much, Major, without knowing either what she commands, or what I can perform?
O'FLAHERTY. That's your concern, my dear, 35 not mine; I must keep my word you know.
DUDLEY. Or else, I suppose, you and I must measure swords.
O'FLAHERTY. Upon my soul, you've hit it.
DUDLEY. That would hardly answer to either 40 of us; you and I have, probably, had enough of fighting in our time before now.
O'FLAHERTY. Faith and troth, Master Dudley, you may say that; 'tis thirty years, come the time, that I have followed the trade, and in a pretty 45 many countries -- Let me see -- In the war before last I served in the Irish Brigade, d'ye see; there, after bringing off the French monarch, I left his service, with a British bullet in my body, and this ribband in my button-hole. Last war I followed 50 the fortunes of the German eagle, in the corps of grenadiers; there I had my bellyful of fighting, and a plentiful scarcity of everything else. After six and twenty engagements, great and small, I went off with this gash on my skull, and a kiss of 55 the Empress Queen's sweet hand (heaven bless it!) for my pains: since the peace, my dear, I took a little turn with the Confederates there in Poland -- but such another set of madcaps! -- by the Lord Harry, I never knew what it was they were scuffling 60 about.
DUDLEY. Well, Major, I won't add another action to the list, you shall keep your promise with Lady Rusport; she requires me to leave London; I shall go in a few days, and you may take what 65 credit you please from my compliance.
O'FLAHERTY. Give me your hand, my dear boy, this will make her my own; when that's the case, we shall be brothers, you know, and we'll share her fortune between us. 70
DUDLEY. No so, Major; the man who marries Lady Rusport will have a fair title to her whole fortune without division. But, I hope, your expectations of prevailing are founded upon good reasons.
O'FLAHERTY. Upon the best grounds in the 75 world; first, I think she will comply, because she is a woman; secondly, I am persuaded she won't hold out long, because she's a widow; and thirdly, I make sure of her, because I've married five wives (en militaire, Captain), and never failed yet; 80 and, for what I know, they're all alive and merry at this very hour.
DUDLEY. Well, sir, go on and prosper; if you can inspire Lady Rusport with half your charity, I shall think you deserve all her fortune; at present, I 85 must beg your excuse: good morning to you. Exit.
O'FLAHERTY. A good sensible man, and very much a soldier; I did not care if I was better acquainted with him: but 'tis an awkward kind of a country for that; the English, I observe, are 90 close friends, but distant acquaintance. I suspect the old lady has not been over generous to poor Dudley: I shall give her a little touch about that; upon my soul I know but one excuse a person can have for giving nothing, and that is, like myself, 95 having nothing to give. Exit.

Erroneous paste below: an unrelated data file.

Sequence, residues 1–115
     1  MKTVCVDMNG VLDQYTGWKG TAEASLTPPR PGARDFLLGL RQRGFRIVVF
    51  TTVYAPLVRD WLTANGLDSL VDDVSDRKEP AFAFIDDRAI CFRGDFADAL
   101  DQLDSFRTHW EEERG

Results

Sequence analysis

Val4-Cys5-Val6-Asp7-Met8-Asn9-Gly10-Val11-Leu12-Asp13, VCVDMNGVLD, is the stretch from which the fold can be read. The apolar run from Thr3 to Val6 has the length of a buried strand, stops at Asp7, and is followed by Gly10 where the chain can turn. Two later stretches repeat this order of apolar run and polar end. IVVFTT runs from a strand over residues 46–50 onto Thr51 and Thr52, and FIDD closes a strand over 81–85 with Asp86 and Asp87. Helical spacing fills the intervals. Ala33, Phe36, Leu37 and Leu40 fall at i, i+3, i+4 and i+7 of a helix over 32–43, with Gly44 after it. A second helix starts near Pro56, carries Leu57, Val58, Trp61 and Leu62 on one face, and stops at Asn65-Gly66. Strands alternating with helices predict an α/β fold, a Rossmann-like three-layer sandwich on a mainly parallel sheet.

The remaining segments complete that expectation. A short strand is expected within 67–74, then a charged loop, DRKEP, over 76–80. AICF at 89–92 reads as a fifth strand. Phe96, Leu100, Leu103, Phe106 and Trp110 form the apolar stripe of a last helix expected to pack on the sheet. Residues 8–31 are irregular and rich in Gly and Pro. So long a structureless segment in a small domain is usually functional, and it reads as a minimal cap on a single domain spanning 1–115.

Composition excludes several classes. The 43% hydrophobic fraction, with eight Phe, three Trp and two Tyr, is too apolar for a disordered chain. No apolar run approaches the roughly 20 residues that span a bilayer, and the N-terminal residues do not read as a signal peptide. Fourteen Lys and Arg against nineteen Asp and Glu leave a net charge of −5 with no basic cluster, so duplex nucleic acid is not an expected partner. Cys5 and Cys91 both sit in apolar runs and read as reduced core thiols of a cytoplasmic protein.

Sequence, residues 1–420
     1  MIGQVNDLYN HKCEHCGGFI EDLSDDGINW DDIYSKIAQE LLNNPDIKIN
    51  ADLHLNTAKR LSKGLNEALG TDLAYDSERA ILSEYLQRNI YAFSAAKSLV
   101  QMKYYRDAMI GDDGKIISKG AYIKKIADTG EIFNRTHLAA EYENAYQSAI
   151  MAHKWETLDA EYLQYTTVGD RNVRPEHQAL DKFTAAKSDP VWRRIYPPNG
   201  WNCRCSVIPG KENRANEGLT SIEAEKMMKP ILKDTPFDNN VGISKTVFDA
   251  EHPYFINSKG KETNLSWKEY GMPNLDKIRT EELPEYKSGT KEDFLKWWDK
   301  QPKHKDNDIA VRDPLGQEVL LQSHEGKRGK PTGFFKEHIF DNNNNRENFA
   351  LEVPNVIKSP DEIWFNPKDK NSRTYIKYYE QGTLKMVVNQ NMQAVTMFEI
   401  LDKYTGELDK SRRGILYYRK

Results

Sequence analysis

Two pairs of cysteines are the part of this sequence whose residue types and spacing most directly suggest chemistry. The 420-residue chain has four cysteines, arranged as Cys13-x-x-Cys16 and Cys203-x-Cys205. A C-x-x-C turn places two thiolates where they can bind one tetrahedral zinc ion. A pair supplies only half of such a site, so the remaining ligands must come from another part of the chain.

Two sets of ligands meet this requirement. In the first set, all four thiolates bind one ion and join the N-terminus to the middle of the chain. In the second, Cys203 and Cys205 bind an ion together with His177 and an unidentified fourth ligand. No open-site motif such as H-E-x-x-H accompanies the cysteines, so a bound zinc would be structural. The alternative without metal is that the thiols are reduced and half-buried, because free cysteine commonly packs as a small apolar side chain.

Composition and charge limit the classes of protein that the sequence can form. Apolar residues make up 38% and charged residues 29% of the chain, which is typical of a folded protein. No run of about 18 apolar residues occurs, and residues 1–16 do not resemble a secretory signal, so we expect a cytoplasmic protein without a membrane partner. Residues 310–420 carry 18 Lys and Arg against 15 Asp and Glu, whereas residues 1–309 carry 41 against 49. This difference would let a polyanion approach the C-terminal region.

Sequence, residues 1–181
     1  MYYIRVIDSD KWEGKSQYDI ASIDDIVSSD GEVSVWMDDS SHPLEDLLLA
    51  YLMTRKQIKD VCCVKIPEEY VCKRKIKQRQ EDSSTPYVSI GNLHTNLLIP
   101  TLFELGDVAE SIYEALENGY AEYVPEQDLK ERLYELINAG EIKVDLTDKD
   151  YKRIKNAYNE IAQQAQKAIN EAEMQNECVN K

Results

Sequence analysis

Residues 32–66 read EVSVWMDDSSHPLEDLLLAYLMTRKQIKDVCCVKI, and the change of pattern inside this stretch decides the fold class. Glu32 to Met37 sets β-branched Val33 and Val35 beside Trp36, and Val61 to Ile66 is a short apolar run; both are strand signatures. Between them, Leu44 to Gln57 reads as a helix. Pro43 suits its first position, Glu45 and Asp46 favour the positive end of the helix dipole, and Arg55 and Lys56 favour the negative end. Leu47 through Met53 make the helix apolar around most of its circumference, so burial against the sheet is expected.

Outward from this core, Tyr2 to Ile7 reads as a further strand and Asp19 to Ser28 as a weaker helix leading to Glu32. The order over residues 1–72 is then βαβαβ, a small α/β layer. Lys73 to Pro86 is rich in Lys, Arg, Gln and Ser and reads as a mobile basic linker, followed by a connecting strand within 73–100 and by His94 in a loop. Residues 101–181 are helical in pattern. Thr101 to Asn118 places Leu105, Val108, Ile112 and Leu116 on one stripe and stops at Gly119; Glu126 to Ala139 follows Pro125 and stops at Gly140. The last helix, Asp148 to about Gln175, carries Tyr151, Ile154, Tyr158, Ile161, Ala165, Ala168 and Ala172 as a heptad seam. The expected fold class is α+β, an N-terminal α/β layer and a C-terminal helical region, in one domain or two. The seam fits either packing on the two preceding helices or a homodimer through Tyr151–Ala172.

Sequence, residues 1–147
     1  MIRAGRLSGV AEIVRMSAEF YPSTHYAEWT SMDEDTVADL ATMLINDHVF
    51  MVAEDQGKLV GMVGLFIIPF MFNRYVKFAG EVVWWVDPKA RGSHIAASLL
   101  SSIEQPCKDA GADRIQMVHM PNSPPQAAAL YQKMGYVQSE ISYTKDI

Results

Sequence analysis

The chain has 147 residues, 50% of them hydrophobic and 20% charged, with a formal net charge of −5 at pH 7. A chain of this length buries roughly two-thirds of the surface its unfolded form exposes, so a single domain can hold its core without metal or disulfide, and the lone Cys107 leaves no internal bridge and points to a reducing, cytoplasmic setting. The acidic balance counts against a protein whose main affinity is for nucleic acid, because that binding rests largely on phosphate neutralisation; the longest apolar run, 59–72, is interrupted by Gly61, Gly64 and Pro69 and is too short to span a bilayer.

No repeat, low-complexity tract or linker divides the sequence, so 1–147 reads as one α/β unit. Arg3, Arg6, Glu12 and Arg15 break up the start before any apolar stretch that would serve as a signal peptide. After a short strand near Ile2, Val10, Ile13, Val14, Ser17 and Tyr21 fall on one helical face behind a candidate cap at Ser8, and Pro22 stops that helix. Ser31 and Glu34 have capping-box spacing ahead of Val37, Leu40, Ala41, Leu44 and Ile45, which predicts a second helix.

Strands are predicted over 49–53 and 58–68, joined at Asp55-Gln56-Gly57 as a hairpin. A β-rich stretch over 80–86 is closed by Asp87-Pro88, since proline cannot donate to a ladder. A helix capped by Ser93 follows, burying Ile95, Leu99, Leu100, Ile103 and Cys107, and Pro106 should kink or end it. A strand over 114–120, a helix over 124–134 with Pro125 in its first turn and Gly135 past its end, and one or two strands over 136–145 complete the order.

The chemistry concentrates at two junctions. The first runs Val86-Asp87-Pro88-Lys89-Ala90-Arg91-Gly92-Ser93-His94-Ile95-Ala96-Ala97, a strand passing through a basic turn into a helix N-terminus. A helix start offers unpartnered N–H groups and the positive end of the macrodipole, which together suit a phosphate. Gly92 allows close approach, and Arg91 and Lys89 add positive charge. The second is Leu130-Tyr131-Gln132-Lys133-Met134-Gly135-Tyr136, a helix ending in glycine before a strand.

Scene changes to LADY RUSPORT'S house. A dressing-room.
MISS RUSPORT and LUCY.
CHARLOTTE. Well, Lucy, you've dislodged the old lady at last; but methought you was a tedious time about it.
LUCY. A tedious time indeed; I think they who have least to spare, contrive to throw the most 5 away; I thought I should never have got her out of the house.
CHARLOTTE. Why, she's as deliberate in canvassing every article of her dress, as an ambassador would be in settling the preliminaries of a treaty. 10
LUCY. There was a new hood and handkerchief, that had come express from Holborn Hill on the occasion, that took as much time in adjusting --
CHARLOTTE. As they did in making, and she was as vain of them as an old maid of a young lover. 15
Lucy. Or a young lover of himself. Then, madam, this being a visit of great ceremony to a person of distinction, at the West end of the town, the old state chariot was dragged forth on the occasion, with strict charges to dress out the 20 box with the leopard-skin hammer-cloth.1
CHARLOTTE. Yes, and to hang the false tails on the miserable stumps of the old crawling cattle. Well, well, pray heaven the crazy affair don't break down again with her! at least till she gets to her 25 journey's end. -- But where's Charles Dudley? Run down, dear girl, and be ready to let him in; I think he's as long in coming, as she was in going.
Lucy. Why, indeed, madam, you seem the more alert of the two, I must say. Exit. 30
CHARLOTTE. Now the deuce take the girl for putting that notion into my head; I'm sadly afraid Dudley does not like me; so much encouragement as I have given him to declare himself, I never could get a word from him on the subject! This 35 may be very honorable, but upon my life it's very provoking. By the way, I wonder how I look today. Oh! shockingly, hideously pale! like a witch! This____________________